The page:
The average home across Britain has added just over £3,000 to its value since the start of the year, according to analysis.Read the full story ›
There are fears from the fruit industry in the UK that a shortage of seasonal workers from the EU will get worse because of Brexit.Read the full story ›
House prices in Cambridge have fallen considerably since the UK voted to leave the European Union.
Prices dropped by 4.7% between June 2016 and March 2017, according to Land Registry findings.
The average property is estimated to be worth around £420,000.
Cambridge has been ranked as one of the top ten most expensive cities in the world for student housing.
It has the eighth highest weekly rental spend, with students having to pay $272 on average.
The research was conducted by the website Student.com, which surveyed students from 92 cities across the world.
New York was named as the most expensive city. London and Oxford also made the top ten, in second and sixth place respectively.
"It's evident that the big urban centres around the world remain huge magnets for both international and domestic students.
"On average, students pay more to live in these cities, but that's not to say that there aren't more affordable options available.
"Cities with larger supplies of purpose-built student accommodation tend to be, on average, more affordable than cities that are under supplied.
There are fears for the future of the Stewartby brickworks chimneys in Bedfordshire after plans were submitted for hundreds of new homes in the village.
The listed brick structures can be seen for miles around but the Parish Council says they are at risk from demolition if Bedford Borough Council decides they are unsafe to build near.
"I don't believe in this health and safety issue at all, I appreciate that it is of value and had to be adhered to. These chimneys have been up for years and people used to work under them. 6,000 employees used to be there at one time and since 2002, they haven't fired a brick and they're still standing."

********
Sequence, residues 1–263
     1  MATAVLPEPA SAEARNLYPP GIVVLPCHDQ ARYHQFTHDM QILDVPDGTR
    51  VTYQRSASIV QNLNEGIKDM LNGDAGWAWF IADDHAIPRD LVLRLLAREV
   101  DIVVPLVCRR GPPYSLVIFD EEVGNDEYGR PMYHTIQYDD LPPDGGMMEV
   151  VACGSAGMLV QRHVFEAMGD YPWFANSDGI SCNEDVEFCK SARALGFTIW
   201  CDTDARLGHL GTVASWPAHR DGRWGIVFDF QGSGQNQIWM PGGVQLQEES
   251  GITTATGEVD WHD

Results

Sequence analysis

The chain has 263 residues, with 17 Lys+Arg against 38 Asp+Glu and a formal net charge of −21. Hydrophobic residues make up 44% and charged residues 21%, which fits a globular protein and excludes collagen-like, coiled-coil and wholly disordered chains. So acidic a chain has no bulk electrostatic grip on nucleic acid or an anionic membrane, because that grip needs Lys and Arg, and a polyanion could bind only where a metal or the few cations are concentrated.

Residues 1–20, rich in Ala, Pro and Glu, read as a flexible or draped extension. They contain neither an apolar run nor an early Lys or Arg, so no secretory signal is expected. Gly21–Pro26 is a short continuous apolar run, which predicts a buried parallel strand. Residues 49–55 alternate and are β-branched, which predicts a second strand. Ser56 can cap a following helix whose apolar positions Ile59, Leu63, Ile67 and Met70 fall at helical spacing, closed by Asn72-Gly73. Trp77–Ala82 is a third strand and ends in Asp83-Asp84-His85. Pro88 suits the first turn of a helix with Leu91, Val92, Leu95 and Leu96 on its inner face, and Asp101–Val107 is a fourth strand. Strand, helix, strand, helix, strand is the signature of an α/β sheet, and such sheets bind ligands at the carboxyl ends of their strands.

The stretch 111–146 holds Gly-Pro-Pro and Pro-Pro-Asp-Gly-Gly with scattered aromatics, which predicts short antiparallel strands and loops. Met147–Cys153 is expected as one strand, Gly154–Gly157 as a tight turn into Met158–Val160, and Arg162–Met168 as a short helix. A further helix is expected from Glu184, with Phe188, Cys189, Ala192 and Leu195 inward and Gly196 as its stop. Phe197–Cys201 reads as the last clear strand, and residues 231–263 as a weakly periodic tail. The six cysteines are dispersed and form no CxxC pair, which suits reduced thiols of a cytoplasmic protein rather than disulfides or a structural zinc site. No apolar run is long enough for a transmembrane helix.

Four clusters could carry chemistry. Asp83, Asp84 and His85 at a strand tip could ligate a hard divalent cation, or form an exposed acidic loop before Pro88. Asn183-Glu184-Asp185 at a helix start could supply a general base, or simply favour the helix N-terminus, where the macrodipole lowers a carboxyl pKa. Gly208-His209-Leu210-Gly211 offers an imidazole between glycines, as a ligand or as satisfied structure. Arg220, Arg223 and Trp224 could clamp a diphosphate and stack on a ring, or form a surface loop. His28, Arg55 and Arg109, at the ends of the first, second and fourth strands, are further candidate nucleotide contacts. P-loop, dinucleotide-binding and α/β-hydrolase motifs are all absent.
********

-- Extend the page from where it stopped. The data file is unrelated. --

The number of houses being bought and sold in the East of England is declining, with industry leaders blaming the lack of choice for new buyers.
The number of enquiries about homes and newly agreed sales fell during April, according to research by the Royal Institute of Chartered Surveyors.
Uncertainty due to the upcoming general election and the ramifications of stamp duty changes were also blamed for fewer people buying houses.
"The bulk of the feedback we are receiving points to a fairly flat summer for both activity and prices.
"Lack of stock on the market remains a key challenge for the sector with recent and forthcoming tax changes having a material impact on transaction levels, particularly at higher price points.
"Uncertainty relating to the forthcoming general election is also highlighted by some respondents as a reason for inertia."
More than 40,000 new homes could be built across north Essex as part of a scheme to create more so-called 'Garden Communities'.
The plans are in the very early stages but three possible sites have already been earmarked:
- West Colchester - 20,000 homes
- West Braintree - 13,000 homes
- Tendring/Colchester border - 9,000 homes
It is the brainchild of four councils across Essex, who are bidding for money from central government to fund the scheme.
We think it's vital that local authorities actually plan the developments and it's not just left to builders and speculators.
We want proper communities built for the future with, most importantly, the infrastructure in the beginning.
The East of England is still leading the UK with the largest rise in house prices in the past year. The value of property is up by 10%.Read the full story ›
Lowestoft's Ness Point is getting a £1 million funding boost. The Government money will be used to create a new visitor destination.Read the full story ›
A campaign has been launched to increase tourism revenue in Northamptonshire by 50% - masterminded by a former Saatchi & Saatchi director.Read the full story ›